By the power of my blog, I convinced my friend Matt to order himself an AeroPress. I hope he ordered it via a link on spunkybean so I get, like, 13-cents …but either way, I convinced him. Matt is like me …a curious sort of chap who loves coffee and loves interesting things. If I had one friend who would see my whacky coffee making contraption and want one, I would’ve guessed it would’ve been Matt. (he has two grills – one charcoal and one gas that he uses depending on the cuisine needing grilling, and he and his wife cook elaborate meals for their company and house guests, and food prep typically takes hours while everyone enjoys wine, good conversation, and gets perfectly hungry to enjoy his amazing meals …I tell you all this because an AeroPress is right up his alley).
He was so intrigued, it turns out, he ordered one and paid the extra/rush shipping so that it would arrive while he was on vacation. That’s dedication to good coffee. Be impressed.
Anyway, upon his return from vacation he agreed a single-cup of AeroPress coffee is about the best he’s ever had, but he said he had some challenges when brewing a full AeroPress and trying to figure out how to make coffee for more than one person and more than one cup. I’m going to show him how. What follows is a quick video tutorial on how I make 8 ounces of strong espresso and cut with water to make 2 8 oz cups of perfect coffee. I employ the upside-down AeroPress technique when making multiple cups.
And, yes …in the background you’ll hear my 4-year-old waiting for her cup of coffee and asking for milk. I’d laugh in your face if you were an adult looking to defile a cup of perfect coffee with “milk” …but she’s 4 …so I let it slide. When she’s six …she’ll only be allowed to drink her coffee black.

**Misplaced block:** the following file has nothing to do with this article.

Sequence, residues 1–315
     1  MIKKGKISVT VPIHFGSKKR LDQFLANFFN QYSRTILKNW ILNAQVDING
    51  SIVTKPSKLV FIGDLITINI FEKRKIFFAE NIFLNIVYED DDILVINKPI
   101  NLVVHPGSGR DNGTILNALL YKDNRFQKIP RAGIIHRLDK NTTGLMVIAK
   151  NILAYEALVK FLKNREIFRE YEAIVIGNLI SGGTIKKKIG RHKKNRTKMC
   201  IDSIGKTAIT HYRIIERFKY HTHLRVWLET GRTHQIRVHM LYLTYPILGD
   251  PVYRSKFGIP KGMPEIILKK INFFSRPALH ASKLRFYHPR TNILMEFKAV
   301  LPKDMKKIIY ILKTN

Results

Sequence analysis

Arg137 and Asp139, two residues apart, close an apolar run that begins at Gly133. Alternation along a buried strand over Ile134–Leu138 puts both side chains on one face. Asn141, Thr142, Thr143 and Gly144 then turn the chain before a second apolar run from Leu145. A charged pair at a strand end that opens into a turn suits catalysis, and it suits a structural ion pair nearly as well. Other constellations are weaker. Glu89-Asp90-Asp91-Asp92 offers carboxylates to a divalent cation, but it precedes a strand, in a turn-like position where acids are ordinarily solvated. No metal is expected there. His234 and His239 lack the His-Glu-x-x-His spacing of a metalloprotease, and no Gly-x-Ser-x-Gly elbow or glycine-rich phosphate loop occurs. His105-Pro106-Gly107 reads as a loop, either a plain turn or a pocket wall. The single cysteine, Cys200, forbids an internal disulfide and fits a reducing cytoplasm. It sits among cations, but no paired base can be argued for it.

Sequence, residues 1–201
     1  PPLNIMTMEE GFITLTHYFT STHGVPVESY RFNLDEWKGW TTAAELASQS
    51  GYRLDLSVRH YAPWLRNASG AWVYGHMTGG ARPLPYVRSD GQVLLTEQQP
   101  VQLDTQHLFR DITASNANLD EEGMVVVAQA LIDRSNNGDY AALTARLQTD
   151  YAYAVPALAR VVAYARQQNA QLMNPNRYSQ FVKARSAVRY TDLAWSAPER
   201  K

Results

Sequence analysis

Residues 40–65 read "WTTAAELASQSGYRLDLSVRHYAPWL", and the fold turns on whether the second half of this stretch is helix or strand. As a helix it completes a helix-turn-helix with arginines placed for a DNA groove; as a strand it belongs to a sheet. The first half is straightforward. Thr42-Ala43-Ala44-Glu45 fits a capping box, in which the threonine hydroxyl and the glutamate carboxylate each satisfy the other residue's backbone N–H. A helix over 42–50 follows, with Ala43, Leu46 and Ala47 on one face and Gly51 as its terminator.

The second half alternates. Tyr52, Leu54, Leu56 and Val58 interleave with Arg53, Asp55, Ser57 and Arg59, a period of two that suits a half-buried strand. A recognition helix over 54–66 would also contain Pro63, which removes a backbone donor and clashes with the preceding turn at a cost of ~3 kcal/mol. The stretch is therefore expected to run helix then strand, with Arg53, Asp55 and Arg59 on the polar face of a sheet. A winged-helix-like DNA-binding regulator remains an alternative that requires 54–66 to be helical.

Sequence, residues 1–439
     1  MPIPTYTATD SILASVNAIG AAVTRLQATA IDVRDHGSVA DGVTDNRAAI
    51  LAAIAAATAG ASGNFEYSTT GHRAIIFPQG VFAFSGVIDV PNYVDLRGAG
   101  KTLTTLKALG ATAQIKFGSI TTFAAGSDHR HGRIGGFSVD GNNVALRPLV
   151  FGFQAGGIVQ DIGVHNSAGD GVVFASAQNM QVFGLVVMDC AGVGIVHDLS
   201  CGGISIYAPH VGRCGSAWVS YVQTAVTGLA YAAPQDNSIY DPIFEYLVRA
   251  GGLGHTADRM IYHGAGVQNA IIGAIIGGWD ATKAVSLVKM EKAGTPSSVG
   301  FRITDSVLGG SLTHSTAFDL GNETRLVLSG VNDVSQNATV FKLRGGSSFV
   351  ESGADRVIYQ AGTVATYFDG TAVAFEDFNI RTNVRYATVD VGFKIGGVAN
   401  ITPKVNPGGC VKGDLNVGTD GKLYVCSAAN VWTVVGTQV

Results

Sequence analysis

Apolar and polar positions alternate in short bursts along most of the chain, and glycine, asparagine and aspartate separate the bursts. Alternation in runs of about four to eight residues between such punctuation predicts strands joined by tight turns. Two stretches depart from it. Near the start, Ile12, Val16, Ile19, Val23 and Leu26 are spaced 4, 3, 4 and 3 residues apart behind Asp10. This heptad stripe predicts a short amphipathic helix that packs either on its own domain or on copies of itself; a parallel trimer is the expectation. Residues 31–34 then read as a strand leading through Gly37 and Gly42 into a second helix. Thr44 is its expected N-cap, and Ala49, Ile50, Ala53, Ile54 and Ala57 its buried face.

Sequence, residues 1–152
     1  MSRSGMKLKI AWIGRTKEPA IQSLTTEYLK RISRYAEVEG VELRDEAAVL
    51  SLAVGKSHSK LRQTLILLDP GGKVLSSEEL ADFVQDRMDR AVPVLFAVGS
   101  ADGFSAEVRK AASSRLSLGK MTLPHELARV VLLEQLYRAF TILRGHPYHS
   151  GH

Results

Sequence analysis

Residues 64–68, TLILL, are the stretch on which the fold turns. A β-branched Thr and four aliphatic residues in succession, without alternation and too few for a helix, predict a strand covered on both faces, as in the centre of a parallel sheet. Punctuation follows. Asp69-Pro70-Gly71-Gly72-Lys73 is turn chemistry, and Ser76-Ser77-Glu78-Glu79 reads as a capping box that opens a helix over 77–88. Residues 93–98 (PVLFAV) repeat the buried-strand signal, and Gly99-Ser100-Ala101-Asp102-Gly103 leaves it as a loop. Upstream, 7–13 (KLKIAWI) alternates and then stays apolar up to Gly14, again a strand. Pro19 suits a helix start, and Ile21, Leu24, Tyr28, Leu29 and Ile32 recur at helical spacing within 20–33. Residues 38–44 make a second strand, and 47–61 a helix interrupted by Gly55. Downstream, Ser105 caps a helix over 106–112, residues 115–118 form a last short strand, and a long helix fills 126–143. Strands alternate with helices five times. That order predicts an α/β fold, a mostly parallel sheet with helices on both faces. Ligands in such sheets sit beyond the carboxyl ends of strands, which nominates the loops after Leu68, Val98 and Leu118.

Why does an AeroPress cup of coffee taste so good? CoffeeGeek .com explains it this way:
- Total immersion of the grounds in the water results in rapid yet robust extraction of flavor.
- Total immersion permits extraction at a moderate temperature, resulting in a smoother brew.
- Air pressure shortens filtering time to 20 seconds. This avoids the bitterness of long
processes such as drip brewing.
- The air pressure also gently squeezes the last goodness from the grounds, further enriching the flavor.
- Because of the lower temperature and short brew time, the acid level of the brew is much lower than conventional brewers. Laboratory pH testing measured AEROPRESS brew’s acid as less than one fifth that of regular drip brew. The low acid is confirmed by coffee lovers who report that AEROPRESS brew is
friendlier to their stomachs.
For more analysis and quotes from coffee experts, visit this article at CoffeeGeek.
Am I blogging for one person? Perhaps I am. Or maybe you’re getting closer and closer to buying your own AeroPress and living the high life. I hope you do. See you tomorrow.